Stern and Amar poised for victory in elections for chief rabbi of Jerusalem

The vote will take place on Tuesday between 16:00 and 19:00 at the Jerusalem Municipality and the result will be announced shortly thereafter.

By
October 20, 2014 18:22
2 minute read.
Pray ahead of Yom Kippur

People pray ahead of Yom Kippur on the roof of a seminary overlooking the Western Wall, in Jerusalem’s Old City in 2012.. (photo credit: REUTERS)

The convoluted and politically charged electoral race for the positions of Ashkenazi and Sephardi chief rabbi of Jerusalem entered the final strait Sunday night and Monday, with rabbis Arye Stern and Shlomo Amar in pole position for the twin posts ahead of the vote on Tuesday afternoon.

The rabbis are elected by a 48-member electoral body comprising 24 representatives from the City Council, according to the division of seats; 12 representatives designated by the minister of religious services; and 12 representatives designated by different synagogues around the city.

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Amar, 66, declared his intention to run for the Sephardi post less than two weeks ago after securing the crucial backing of Bayit Yehudi and Mayor Nir Barkat. Although haredi, he gained the support of Bayit Yehudi chairman Naftali Bennett and other senior party officials who did not view favorably any of the other candidates, including hardline national-religious rabbi Shmuel Eliyahu or Rabbi Haim Amsalem.

Eliyahu entered the race at the last possible moment and has secured the backing of the haredi Degel Hatorah party.

He also gained the tacit backing of Shas in what seemed like a ploy to thwart Amar and score political points over Bayit Yehudi.

Amar has been in a long-running feud with Shas, having fallen out with party chairman Arye Deri and the movement’s spiritual leader, the late Rabbi Ovadia Yosef, over the elections for national chief rabbi back in December 2013.

However, he met with current Sephardi Chief Rabbi Yitzhak Yosef last week and on Sunday received the public backing of the president of the Shas Council of Torah Sages, Rabbi Shalom Cohen, who hitherto had been antagonistic toward Amar.

Having secured Shas’s backing, Amar is now almost certain to win, with Eliyahu’s chances looking increasingly remote.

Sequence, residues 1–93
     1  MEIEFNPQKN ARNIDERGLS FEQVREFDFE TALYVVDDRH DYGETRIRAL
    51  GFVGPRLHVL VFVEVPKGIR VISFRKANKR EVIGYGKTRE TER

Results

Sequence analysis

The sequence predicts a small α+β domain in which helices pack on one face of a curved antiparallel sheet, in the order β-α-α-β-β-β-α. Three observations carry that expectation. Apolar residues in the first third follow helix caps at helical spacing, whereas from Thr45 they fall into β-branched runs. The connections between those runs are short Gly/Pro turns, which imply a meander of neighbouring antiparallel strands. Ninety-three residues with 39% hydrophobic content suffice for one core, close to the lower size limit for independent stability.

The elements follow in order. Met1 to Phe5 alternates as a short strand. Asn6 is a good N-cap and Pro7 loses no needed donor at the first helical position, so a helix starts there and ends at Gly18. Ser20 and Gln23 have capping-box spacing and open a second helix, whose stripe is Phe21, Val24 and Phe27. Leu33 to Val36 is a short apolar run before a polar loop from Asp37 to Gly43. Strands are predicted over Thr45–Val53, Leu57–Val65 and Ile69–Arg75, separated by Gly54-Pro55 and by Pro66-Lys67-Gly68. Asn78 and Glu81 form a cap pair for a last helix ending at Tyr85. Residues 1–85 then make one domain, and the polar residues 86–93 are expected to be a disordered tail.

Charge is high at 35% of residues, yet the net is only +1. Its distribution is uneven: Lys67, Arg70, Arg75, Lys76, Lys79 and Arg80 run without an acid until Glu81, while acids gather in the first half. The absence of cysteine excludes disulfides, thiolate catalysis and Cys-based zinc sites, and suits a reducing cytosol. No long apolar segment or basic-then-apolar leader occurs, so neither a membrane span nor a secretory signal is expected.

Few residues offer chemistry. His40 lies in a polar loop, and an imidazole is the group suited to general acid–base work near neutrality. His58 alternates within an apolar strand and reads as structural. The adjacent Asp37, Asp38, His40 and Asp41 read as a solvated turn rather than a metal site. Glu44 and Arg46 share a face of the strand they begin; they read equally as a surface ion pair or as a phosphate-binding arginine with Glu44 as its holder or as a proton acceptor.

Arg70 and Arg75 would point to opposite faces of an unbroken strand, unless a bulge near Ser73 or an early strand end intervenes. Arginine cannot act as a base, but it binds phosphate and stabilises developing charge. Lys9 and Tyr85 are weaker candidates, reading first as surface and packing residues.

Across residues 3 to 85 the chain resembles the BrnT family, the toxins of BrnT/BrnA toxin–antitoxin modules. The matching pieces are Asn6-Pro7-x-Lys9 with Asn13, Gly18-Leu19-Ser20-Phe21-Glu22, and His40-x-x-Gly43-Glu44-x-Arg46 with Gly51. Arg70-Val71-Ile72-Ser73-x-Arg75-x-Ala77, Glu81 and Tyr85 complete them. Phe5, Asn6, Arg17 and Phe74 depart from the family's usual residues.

As minister of religious services, Bennett was able to nominate one-quarter of the delegates to the electoral body. A Bayit Yehudi source expressed confidence that the would vote for Amar in accordance with Bennett’s wishes.

The party explicitly backed Amar despite his being haredi.

Eliyahu is from the national- religious sector, which forms the vast majority of Bayit Yehudi’s constituency.

Amsalem, a former Shas MK who rebelled against the party in 2012 and has adopted liberal positions on several issues of religion and state, had sought the backing of liberal parties on the City Council. Indeed, he secured the public backing of the Hitorerut B’yerushalayim party.

Amsalem upset Bayit Yehudi leaders earlier this year when he refused an offer to join the party for the next general election and joined the Likud instead, speaking out fiercely against the party’s position on conversion at the same time.

In the race for the Ashkenazi position of Jerusalem’s chief rabbi, Stern, 69, has long been the national-religious candidate and received the crucial backing of Bayit Yehudi and Barkat, as well as several parties on the City Council.

Sources on his campaign team are confident of getting at least 25 votes on the electoral body.

The haredi parties have backed Rabbi Moshe Haim Lau, who serves as a neighborhood rabbi in Netanya, for the Ashkenazi position. Lau is the brother of national chief rabbi David Lau and son of former national chief rabbi Yisrael Meir Lau, who currently serves as chief rabbi of Tel Aviv.

Lau’s chances of defeating Stern seem remote, however, due to the latter’s widespread support on the electoral body.

The vote will take place Tuesday between 4 and 7 p.m. at city hall. The results will be announced shortly thereafter.


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